e14
The Psun, fraction of canopy top exposed to sunlight, for layer n is calculated by dividing the accumulated direct radiation by its shadow area:
e15
For the top layer, Psun = 1, which means a 100% sunlit cover. For a lower layer, Psun can be less than 1 if shaded by the upper layers. In this case, it means the available incident direct radiation is modified and the fractions of sunlit LAI (Fsun) will be further affected. The quantity Psun was used in a revised Fsun (section 4a).
The major calculation process of the three-layer model uses a system of linear equations. Six variables, , , , , , and as shown in Fig. 2, are chosen as the unknowns. They stand for the total upward and downward diffuse radiation flux of corresponding layers noted by the subscript [n]. The value of is the result of both transmission and reflection of the layer n and can be expressed as follows:
e16a
e16b
e16c
e16d
e16e
and
e16f
where stands for the incident diffuse radiation that is also considered as the unit source. For the incident direct radiation case, and is precalculated [Eq. (13)]. For incident diffuse radiation case, and . Equations (16a)(16f) represent an equilibrium state, which means the multiple reflections and transmissions between layers have been taken into account. After a simple transformation of Eqs. (16a)(16f), the matrix forms can be expressed as
e17
for the incident direct radiation case, and
e18
for incident diffuse radiation case, where and . The matrices of coefficients in Eqs. (17) and (18) are the same, each with a 6 × 6 matrix (the 0 elements are shown with blanks). Thus, we can combine the two equations in a simple matrix form:
e19
where contains the common coefficients. The matrix = (x, x*) consists of two column vectors, that is, the solutions for direct [Eq. (17)] and diffuse [Eq. (18)] radiation. The matrix = (b, b*) also consists of two column constant vectors for the direct and diffuse radiation, respectively.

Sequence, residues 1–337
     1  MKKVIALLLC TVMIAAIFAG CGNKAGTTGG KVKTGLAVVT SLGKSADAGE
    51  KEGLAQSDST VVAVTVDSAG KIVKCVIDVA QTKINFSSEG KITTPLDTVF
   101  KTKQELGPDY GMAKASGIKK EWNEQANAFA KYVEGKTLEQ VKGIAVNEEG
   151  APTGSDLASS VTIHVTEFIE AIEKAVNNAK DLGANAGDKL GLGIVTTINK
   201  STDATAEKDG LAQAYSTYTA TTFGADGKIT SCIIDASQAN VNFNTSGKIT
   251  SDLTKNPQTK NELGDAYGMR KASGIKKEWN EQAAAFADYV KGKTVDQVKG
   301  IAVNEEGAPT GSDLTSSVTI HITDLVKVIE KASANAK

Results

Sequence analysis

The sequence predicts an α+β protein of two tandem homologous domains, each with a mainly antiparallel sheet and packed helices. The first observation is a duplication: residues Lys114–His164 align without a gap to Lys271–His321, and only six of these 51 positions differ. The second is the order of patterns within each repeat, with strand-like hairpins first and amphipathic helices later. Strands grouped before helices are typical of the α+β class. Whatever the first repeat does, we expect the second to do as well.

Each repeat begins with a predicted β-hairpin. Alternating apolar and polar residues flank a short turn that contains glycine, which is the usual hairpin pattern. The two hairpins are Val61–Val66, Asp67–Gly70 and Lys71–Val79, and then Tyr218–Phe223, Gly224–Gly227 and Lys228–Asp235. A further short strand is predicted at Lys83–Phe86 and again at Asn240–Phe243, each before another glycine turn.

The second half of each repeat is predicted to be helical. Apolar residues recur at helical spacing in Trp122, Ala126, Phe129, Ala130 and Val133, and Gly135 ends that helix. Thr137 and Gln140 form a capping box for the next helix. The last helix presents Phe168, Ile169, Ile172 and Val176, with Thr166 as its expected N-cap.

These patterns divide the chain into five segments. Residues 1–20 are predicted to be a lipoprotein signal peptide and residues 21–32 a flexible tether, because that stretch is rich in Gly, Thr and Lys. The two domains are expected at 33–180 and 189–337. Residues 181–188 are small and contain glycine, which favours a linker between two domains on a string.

Fig. 2.
Fig. 2.

A sketch of the three-layer canopy model calculation.

Citation: Journal of Climate 27, 3; 10.1175/JCLI-D-13-00155.1

There are many algorithms for solving Eq. (19). We chose Gaussian elimination with slight modifications. There are three beneficial characteristics of Eq. (19). One is that the diagonal elements in the matrix are already the pivots, which means it is not necessary to find the largest absolute value of each column and exchange rows to move the entry to the pivot position during the elimination processes. Another one is that there are lots of 0 elements in the , which means less row reductions are needed. The last one is that the direct and diffuse radiation can be solved for the same operations. Normally, Eq. (19) has a solution under all conditions (e.g., missing layers exist) unless two 1.0 values occur in a row for values , , , and rg. However, this situation is not expected to happen under natural conditions. After solving for , the albedo and absorption for each layer and ground can be written as
e20
for the direct case, and
e21
for the diffuse case. All the PFTs, including bare soil, share the same albedo and ground absorption. Each PFT within a layer shares the same Psun as calculated in Eq. (15). The layer absorption, as well as the direct radiation absorbed as direct, is distributed to its PFTs according to the weights calculated by the individual PFT results using the one-layer model.

3. Numerical validation

Two types of numerical simulations were performed to validate the 3D canopy model against more detailed computation. One is the full (optical) path (FP) simulation, and the other is the Monte Carlo (MC) simulation. For the FP simulation, we divided the spherical bush into small unit cubes (30 cubes along the radius) with equal sizes in Cartesian coordinates. Each cube performs as an individual volume of leaves that can both absorb and scatter radiation as a point source. The FP can simulate each order of scattering of a single bush effectively because it can more easily achieve a steady state than the MC simulation, especially for higher-order scattering. The MC simulation follows North (1996)’s formulation, but with more details for 3D canopy structures and the radiation recording. It was implemented in a 100 m × 100 m square size area, and 100 million uniformly spaced photons were generated as direct or diffuse radiation incident on the top of the canopy. Compared with the FP simulation, the MC is more effective at the simulation of a 3D canopy with complicated structures. It was also used to simulate a single bush for mutual validation of the FP and MC simulations (i.e., to make sure of the correctness of both simulations). Neither simulation accounts for the hotspot effect, which makes but a minor contribution to the albedo calculation but affects some remote sensing issues.